one of the many curious characteristics of human beings is that we find it easier to bear adversity when we discover that others are similarly afflicted, especially so when what is besetting us has a name. i am at the moment suffering from two minor afflictions, one physical and the other spiritual, each of which has been given a title, and somehow, that fact makes them bearable. the physical problem is the persistent pain in my left arm, which, i am told by the doctors whom i have consulted, is called 'tennis elbow.' [never mind that i do not play tennis, and would use my right arm if i did. when i objected to the label, one doctor replied breezily, 'oh, ninety percent of the people who come to see us with tennis elbow don't play tennis.'] inasmuch as the specialist who will give me an injection of cortisone under ultra-sound cannot see me until january 13th, i plan tomorrow to call a 'rolfer' [at the suggestion of my son ] to see whether he can help.
the spiritual problem is a general eeyore-like gloominess that comes over me each year as christmas approaches and displaces my customary tigger-ishness. i associate this with the end of the academic year and the approach of the holidays with their interminable three-day weekends, but in all likelihood i am reacting in a primordial manner to the shortening of the daylight hours, which reach their nadir with the winter solstice, roughly on december 21st. i think i was well into my seventies before i discovered that this affliction too has a name -- 'seasonal affective disorder,' or s.a.d. how comforting that discovery was. the mere fact of the name, i feel, gives me leave to wallow in my funk, cosseting myself with chocolate ice cream from the parlor across the street, or lying slugabed until five-thirty or even six in the morning.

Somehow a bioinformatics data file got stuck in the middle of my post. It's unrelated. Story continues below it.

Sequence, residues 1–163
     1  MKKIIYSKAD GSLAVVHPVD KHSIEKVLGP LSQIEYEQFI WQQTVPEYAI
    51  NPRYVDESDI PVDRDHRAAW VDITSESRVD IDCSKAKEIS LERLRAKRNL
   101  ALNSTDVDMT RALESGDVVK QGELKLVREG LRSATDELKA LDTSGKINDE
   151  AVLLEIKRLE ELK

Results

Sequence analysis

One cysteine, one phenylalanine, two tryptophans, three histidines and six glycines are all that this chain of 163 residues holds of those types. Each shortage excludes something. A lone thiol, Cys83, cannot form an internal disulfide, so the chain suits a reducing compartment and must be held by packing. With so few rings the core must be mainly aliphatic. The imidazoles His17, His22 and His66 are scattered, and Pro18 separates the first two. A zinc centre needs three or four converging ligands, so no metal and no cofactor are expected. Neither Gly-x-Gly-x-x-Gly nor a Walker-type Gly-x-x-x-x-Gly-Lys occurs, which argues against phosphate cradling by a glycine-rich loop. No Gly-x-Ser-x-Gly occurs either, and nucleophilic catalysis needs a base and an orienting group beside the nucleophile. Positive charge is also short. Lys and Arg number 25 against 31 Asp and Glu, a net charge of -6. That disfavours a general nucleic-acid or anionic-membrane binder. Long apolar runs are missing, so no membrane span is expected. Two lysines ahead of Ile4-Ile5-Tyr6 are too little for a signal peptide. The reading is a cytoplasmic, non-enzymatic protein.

this year, my s.a.d. has been made more intense by such unrelated matters as the mid-term defeats and the release of the congressional report on official united states torture. last night, as i lay awake, kept from sleep by the physical pain and kept from pleasant daydreams by my spiritual distress, i distracted myself by composing in my head a lengthy meditation on an odd fact about my life that has long posed for me a puzzle. this blog post, even more self-referential than is my custom, is a report of that meditation.
the puzzle quite simply is this: how am i to think about the fact that neither i nor my immediate family, for almost a century, has been adversely affected in our personal lives by the flood of terrible things that have happened to our country and that our country has chosen deliberately to do? needless to say , i am grateful that we have been spared, but our immunity gives to those evils, for me, a hypothetical or merely conceptual character, as though i were contemplating the problems of some alternative world. since i have for much of my adult life been a passionately engaged ideologue, it seems to me, how shall i say it, inappropriate that none of the evils against which i have railed have affected me personally. the incongruity is made all the worse by my embrace of karl marx's scorn for what he and engels called 'utopian socialism,' the speculations about better societies ungrounded in the realities of this one.